Colin Loves Tractors Follow Colin's progress through treatment for a brain tumor

February 3, 2012

Intersections and Digressions of Math and Life

Filed under: Death,Interpreting MRIs,Local Color,Perspective on Cancer — Mom @ 10:11 pm

 Thanksgiving is easy. With so much to be thankful for, our feelings of gratitude are readily at hand. Adding to that, Colin had scans only two days before the holiday as the hospital emptied out while families in treatment left for visits home and others avoided check-ups during the holiday week. An impending check-up always creates an air of uncertainty, since that one MRI can potentially set into motion an unknown whirlwind of events and decisions. The issue is related less to the relative likelihood of a problem than it is the awareness that change could lurk just over the horizon.

For the person rushing from appointment to appointment, anxiety is quickly sucked into the undertow created by the overwhelming tide of medical discussions, logistics, and social interactions. The next thing I knew, Dr. Gajjar and I were reviewing the results as one of the nurses played with Colin.

The pictures of Colin’s brain and spine have pretty much been looking the same for a while, which is good. Dr. Gajjar believes that the so-called tumor remnant that cups the brain stem is actually scar tissue, based on subtle changes in the picture (and, of course, the fact that it hasn’t done anything suspicious). We had hoped this to be the case but knew that only time would tell. Tumor can recur even in cases where there is nothing visible left on the scan, but it’s most likely to when there is real residual.

We also discussed where Colin is in the prognostic lifecycle of ependymoma. Dr. Gajjar explained that improvements in treatment have changed the course of the disease but done little to alter the overall very long-term survival rate. As a matter of statistical grouping, children tend to relapse either shortly after treatment or in the zone of long-term survival, say five or six years out. The time range for potential relapse is broad and its length demands longer term follow-up than most brain tumors, but the upshot is that there is a lull between the two periods.

Evidently, Colin has passed beyond the period of early relapse. This is no exact science, especially as Colin did not receive the standard treatment for ependymoma and there was a large gap in time (nearly a year) between diagnosis and radiation. Typically, oncologists start the clock at diagnosis, but is that really valid in this case? Nobody really knows, but apparently the combination of time and consistent scans gave Dr. Gajjar confidence in telling us that Colin is likely to be a long-term survivor (with some chance of relapse).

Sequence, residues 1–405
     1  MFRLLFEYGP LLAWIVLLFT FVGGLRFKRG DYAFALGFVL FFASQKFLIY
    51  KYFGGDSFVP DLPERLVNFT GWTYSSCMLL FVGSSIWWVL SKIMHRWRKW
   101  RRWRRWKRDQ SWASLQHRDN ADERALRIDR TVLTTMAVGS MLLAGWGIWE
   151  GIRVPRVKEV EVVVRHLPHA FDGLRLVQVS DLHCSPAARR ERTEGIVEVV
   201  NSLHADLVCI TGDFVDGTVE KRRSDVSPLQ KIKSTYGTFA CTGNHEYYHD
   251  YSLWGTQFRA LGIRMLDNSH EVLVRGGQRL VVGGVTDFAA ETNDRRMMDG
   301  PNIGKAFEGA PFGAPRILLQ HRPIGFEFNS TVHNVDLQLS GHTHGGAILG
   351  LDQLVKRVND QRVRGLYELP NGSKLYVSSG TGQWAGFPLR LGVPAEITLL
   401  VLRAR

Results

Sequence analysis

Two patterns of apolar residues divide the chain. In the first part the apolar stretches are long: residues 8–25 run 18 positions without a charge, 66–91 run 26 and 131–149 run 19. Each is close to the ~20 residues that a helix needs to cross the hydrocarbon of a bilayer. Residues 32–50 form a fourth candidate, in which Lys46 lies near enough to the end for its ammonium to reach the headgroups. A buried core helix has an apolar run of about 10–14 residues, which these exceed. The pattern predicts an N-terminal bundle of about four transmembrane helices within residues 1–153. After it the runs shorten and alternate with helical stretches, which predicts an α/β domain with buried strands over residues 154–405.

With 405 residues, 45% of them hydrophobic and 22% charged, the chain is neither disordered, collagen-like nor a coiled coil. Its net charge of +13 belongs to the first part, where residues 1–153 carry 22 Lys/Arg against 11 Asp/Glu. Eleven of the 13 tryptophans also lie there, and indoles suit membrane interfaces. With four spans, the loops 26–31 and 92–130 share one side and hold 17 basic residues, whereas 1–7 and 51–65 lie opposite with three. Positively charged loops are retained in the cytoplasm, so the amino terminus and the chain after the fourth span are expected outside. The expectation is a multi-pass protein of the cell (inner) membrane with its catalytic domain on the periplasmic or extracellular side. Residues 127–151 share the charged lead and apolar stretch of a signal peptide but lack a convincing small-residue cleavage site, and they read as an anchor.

The Goat Behind the Door

In the old TV game show The Price is Right, winning contestants were able to select a prize from behind a door. There were two fabulous prizes, like a trip to Mexico or a washer-dryer set, and then a goat. I often wondered if people actually got to keep the goat if they wanted to, but they never addressed this and it was clear that the concept was that providing an unappealing prize was much funnier than a goose egg (I mean the number “zero,” not an actual goose egg).

Part of the game was that, after a contestant picked a door, the host would open one of the remaining two doors and show what fabulous prize stood behind it (never the goat, as that would defeat the purpose of this exercise). The contestant was then allowed to switch doors and would typically agonize over it but stick with their original door.

From the standpoint of statistics, this is the wrong decision; changing doors increases the chance of winning a prize, although this intuitively makes no sense. Not being a mathematician, my best explanation for this is that the odds of winning are based on the number of available doors. During the first choosing is one in three, or 33%; the odds of winning during the second choosing is one in two, or 50%.

Although we become very dependent on statistics to inform us on medical decisions, statistics are grossly inappropriate for describing an individual. That said, they remain a useful tool to understand what has happened among a certain cohort and to get a general idea of how to interpret a situation. Dr. Gajjar’s news got me to thinking about the Price is Right game, except with more doors and a second goat.                                                              

I apologize in advance for rounding and oversimplifying quite a bit with the numbers, which I do for the sake of a thought exercise. Before neurosurgeons could more consistently achieve complete resections, the basic long-term survival statistic for ependymoma survival was 50-50. Today, this statistic is more like 75-25, but there is still a significant chunk of kids who end up relapsing but surviving beyond five years.

For the sake of this exercise, I’m going to say that the older statistics include no late relapses (this isn’t true) and take Dr. Gajjar’s statement on survival at face value, meaning that overall survival remains 50-50 (I doubt this is completely true, though it is probably true enough to cause him frustration as a physician).

What this means for the game is that we have four doors and two goats, one representing early relapse and another representing late relapse; this works out to the base rate of 50-50. After the period of early relapse passes, the host, in this case Dr. Gajjar, opens a door and reveals a goat that we did not win.

The early relapse goat is now scampering around in the parking lot, leaving the late relapse goat concealed behind his door, munching on tin cans or vulnerable set pieces. What we have left is three doors and that single goat, which represents different, more favorable, odds than we started out with.

Just a Numbers Game

As I say, the math on survival statistics in this exercise isn’t particularly useful, but it illustrates the point that, although the shadow of ependymoma lingers indefinitely, its volume decreases over time. In family support groups, people sometimes bring up the issue of statistics and which ones are accurate.

When statistics are based on scientific studies, they are all accurate, within their own contexts. These figures are useful for understanding relativity but they are poor are describing the absolute because there is no absolute.